Academy responds to Asghar Farhadi potentially being barred from entering US
The Academy of Motion Pictures, Arts and Sciences responded to unconfirmed reports that Iranian Oscar nominee Asghar Farhadi is now barred from entering the U.S. due to President Donald Trump’s immigration ban.
Trump recently signed an executive order that effectively puts a stop on immigrants and visa holders attempting to enter the U.S. from seven “majority-Muslim countries,” which includes Iran.
“The Academy celebrates achievement in the art of filmmaking, which seeks to transcend borders and speak to audiences around the world, regardless of national, ethnic, or religious differences,” the statement, obtained by EW, reads. “As supporters of filmmakers—and the human rights of all people—around the globe, we find it extremely troubling that Asghar Farhadi, the director of the Oscar-winning film from Iran A Separation, along with the cast and crew of this year’s Oscar-nominated film The Salesman, could be barred from entering the country because of their religion or country of origin.”
The 89th Academy Awards will be held at the Dolby Theatre at the Hollywood & Highland Center on Feb. 6, when Farhadi’s The Salesman will be recognized in the Best Foreign Language Film category. Author Trita Parsi, who’s president of the National Iranian American Council, tweeted that Farhadi was now unable to enter the country to attend over Trump’s actions.
This was followed by a statement from the Tribeca Film Festival, calling the executive order “heartbreaking and unacceptable.” However, reps for Farhadi, The Salesman, and the film’s distributor did not immediately respond to EW’s requests for comment.
According to a tweet from BBC Persia correspondent Hadi Nili, “Farhadi’s office says no ‘legal obstacle’ for him to visit US but soon he will decide if he wants to attend Oscar’s ceremony.”
Farhadi previously won the Oscar for Best Foreign Language Film in 2012 for A Separation.
“At this time many Iranians all over the world are watching us and I imagine them to be very happy,” he said during his acceptance speech. “They are happy not just because of an important award or a film or a filmmaker, but because at the time when talk of war, intimidation, and aggression is exchanged between politicians, the name of their country, Iran, is spoken here through her glorious culture, a rich and ancient culture, that has been hidden under the heavy dust of politics. I proudly offer this award to the people of my country, the people who respect all cultures and civilizations and despise hostility and resentment.”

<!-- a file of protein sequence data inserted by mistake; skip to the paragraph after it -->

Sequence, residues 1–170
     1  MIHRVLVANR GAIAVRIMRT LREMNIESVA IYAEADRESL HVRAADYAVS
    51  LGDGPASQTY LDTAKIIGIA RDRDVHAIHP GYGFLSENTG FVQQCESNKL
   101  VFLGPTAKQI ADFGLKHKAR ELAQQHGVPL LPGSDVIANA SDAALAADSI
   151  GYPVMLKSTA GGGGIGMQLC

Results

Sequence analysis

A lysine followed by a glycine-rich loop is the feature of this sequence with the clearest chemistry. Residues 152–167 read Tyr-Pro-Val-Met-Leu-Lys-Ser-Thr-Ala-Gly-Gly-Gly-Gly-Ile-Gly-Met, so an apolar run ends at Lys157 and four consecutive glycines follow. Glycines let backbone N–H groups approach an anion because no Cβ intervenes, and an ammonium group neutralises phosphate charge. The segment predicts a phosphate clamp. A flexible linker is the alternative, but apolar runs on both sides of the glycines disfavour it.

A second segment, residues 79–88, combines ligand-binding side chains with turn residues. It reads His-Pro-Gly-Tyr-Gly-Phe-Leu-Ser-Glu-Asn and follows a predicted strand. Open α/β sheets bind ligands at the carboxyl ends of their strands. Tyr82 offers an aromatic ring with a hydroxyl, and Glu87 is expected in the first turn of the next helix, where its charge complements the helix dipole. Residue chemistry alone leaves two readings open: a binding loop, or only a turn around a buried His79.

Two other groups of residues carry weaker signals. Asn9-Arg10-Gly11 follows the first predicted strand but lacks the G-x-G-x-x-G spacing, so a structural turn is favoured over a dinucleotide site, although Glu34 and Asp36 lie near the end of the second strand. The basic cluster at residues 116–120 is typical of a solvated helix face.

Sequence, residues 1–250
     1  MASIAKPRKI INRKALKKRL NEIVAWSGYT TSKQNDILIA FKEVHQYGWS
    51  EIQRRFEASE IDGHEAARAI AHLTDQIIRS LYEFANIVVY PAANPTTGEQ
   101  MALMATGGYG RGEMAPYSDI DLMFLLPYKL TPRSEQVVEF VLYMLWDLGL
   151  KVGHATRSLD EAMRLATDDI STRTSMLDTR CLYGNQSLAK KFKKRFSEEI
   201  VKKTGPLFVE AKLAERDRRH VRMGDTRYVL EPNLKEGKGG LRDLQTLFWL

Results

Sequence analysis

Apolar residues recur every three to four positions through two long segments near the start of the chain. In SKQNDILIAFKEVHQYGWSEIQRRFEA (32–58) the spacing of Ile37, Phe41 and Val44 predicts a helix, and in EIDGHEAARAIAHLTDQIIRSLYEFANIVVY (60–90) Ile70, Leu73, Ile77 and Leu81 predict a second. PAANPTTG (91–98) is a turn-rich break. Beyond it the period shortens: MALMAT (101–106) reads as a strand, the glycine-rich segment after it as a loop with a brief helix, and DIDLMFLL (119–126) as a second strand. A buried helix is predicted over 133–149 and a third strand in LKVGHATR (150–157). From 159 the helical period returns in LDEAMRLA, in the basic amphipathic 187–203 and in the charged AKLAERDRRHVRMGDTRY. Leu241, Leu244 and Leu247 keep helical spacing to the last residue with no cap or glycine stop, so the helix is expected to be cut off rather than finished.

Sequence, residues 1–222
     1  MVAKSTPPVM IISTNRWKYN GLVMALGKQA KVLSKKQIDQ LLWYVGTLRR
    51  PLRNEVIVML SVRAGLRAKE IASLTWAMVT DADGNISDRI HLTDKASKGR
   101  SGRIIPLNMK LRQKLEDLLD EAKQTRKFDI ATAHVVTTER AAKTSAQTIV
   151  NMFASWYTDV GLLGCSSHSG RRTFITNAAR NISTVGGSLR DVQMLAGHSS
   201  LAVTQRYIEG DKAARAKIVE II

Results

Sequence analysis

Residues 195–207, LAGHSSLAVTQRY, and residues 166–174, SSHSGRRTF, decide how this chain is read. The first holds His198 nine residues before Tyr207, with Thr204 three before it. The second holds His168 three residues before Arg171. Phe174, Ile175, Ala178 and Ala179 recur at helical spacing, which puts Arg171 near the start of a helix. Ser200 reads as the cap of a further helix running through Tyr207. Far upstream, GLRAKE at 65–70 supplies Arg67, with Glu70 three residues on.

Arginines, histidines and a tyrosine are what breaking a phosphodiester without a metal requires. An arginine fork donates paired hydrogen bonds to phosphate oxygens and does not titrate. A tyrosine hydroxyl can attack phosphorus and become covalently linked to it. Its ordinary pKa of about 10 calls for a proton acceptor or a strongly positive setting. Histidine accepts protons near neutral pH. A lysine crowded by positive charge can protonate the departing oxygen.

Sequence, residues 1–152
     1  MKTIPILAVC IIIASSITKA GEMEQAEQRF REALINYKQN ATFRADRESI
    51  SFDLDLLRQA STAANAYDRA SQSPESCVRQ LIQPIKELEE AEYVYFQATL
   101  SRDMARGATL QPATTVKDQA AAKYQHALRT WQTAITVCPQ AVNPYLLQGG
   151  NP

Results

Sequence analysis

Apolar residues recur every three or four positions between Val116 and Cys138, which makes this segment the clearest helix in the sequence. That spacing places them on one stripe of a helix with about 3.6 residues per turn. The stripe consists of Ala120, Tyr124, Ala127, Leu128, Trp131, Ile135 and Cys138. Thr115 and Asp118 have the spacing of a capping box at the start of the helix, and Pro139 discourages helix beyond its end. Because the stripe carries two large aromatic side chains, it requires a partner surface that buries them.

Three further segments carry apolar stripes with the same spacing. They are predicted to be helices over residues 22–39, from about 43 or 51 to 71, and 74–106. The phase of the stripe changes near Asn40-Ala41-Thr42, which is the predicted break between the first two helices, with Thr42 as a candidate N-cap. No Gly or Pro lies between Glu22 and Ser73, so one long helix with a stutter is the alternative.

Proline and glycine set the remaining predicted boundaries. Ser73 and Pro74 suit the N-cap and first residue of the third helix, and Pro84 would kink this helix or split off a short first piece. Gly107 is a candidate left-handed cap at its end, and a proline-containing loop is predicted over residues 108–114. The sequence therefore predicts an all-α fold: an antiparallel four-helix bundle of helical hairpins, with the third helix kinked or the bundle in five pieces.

Farhadi’s The Salesman actress, Taraneh Alidoosti, recently said she will boycott the Oscars in protest of Trump’s policy. “Trump’s visa ban for Iranians is racist. Whether this will include a cultural event or not,I won’t attend the [Academy Awards] in protest,” she wrote on Twitter.
Hussein Hassan, a filmmaker from Kurdistan, Iraq, made a similar move by withdrawing his visa application to attend the Miami Film Festival — his film, Reseba (a.k.a. The Dark Wind), is scheduled for a U.S. premiere there in March.
“When we place humanity at the top of the pyramid, at the pinnacle, then black or white, Iranian or American, everybody resembles one another. They are all human,” Farhadi said during an interview with Vox in November. “But if the places are switched, the first division that will occur will be, for instance, Muslim/non-Muslim. When politics dominates humanity, then it becomes Americans versus non-Americans or immigrants.”